Riverside County SealA team of federal doctors and nurses are arriving at Eisenhower Health hospital Thursday to support the facility as the hospital copes with the influx of coronavirus patients.

The team of doctors, physician assistants, critical care nurses and respiratory technicians assigned to Eisenhower is part of a state of California request for federal support to medical facilities throughout California.

“We are grateful to receive this support from FEMA and the federal medical team, and I appreciate the emergency operations center team for pursuing this effort at the request of Eisenhower Health,” said Riverside County Board Chair and Fourth District Supervisor V. Manuel Perez. “These are crucial resources as we all work together at the federal, state and local levels of government to overcome this pandemic.”

The federal team is made up of active military medical personnel. “The federal support will provide much-needed assistance to Eisenhower at a time when the entire medical system deals with the rise in coronavirus cases,” said Bruce Barton, director of the County of Riverside Emergency Management Department. “That assistance will make a difference for those who are being impacted by this virus that has taken so many lives.”

Federal medical teams are also assisting other California counties.

“The hospital is nearing capacity in our ICU and on our Covid-19 units,” says Alan Williamson, MD, Chief Medical Officer, Eisenhower Health. “Currently, we only have three more ‘staffed’ beds available in the ICU. Additionally, we are approaching 80 percent of bed capacity within the hospital, but are at virtually 100 percent of our staffing capacity. We are grateful for the support from FEMA and its Air Force Medical response team. It comes at a critical time.”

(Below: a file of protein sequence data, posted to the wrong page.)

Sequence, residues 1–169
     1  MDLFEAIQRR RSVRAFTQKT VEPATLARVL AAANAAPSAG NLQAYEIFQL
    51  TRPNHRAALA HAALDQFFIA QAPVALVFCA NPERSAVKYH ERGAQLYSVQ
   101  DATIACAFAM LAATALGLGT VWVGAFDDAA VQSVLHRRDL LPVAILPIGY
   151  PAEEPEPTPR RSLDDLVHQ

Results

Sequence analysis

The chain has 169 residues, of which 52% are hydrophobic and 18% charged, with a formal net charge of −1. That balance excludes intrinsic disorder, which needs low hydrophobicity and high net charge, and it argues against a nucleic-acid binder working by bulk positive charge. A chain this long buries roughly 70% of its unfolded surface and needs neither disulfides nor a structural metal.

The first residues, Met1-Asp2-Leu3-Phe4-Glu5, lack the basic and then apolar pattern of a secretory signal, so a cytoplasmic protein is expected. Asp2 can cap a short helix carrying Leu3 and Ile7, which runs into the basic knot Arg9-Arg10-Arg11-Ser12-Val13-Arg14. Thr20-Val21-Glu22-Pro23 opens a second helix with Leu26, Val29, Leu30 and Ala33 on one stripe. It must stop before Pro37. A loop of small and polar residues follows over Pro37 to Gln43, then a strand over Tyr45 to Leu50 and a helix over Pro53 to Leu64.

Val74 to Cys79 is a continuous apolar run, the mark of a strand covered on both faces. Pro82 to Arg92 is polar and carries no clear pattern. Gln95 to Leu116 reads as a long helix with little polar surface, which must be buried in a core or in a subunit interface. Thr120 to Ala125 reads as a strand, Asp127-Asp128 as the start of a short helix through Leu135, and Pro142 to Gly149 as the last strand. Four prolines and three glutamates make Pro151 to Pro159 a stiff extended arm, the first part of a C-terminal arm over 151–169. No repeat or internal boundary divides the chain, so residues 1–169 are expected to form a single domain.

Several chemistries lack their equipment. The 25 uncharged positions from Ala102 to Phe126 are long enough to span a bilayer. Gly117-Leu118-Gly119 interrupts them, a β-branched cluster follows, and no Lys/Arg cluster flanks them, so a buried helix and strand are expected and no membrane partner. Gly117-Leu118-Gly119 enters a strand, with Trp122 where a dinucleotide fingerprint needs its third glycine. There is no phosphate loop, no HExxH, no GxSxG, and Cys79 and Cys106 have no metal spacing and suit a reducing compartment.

___________________________________

___________________________________


July 13, 2020

There are 284 confirmed cases of Covid-19 and 10 deaths in Banning.

Media contact:
Riverside County Joint Information Center
951-955-5087
Public contact: 2-1-1

More businesses required to move activities outdoors or close

Riverside County SealEffective today, more businesses in Riverside County are now required to move their activities outdoors as part of statewide actions to slow the spread of coronavirus. 

The governor’s announcement today impacts 30 counties, including Riverside County, that are on the state’s monitoring list. Newsom said the order to move activities outdoors was necessary to reduce the spread of coronavirus and curb the recent increase in hospitalizations. Riverside County has experienced a steady rise in confirmed cases, hospitalizations and patients requiring intensive care dating back to Memorial Day.

Those businesses that cannot move activities outside must close.

The new restrictions include:
-- Fitness centers and gyms
-- Worship services
-- Offices for non-critical sectors
-- Personal care services
-- Hair salons and barbershops
-- Malls 

These businesses may still do curb-side retail, so long as there are no indoor operations.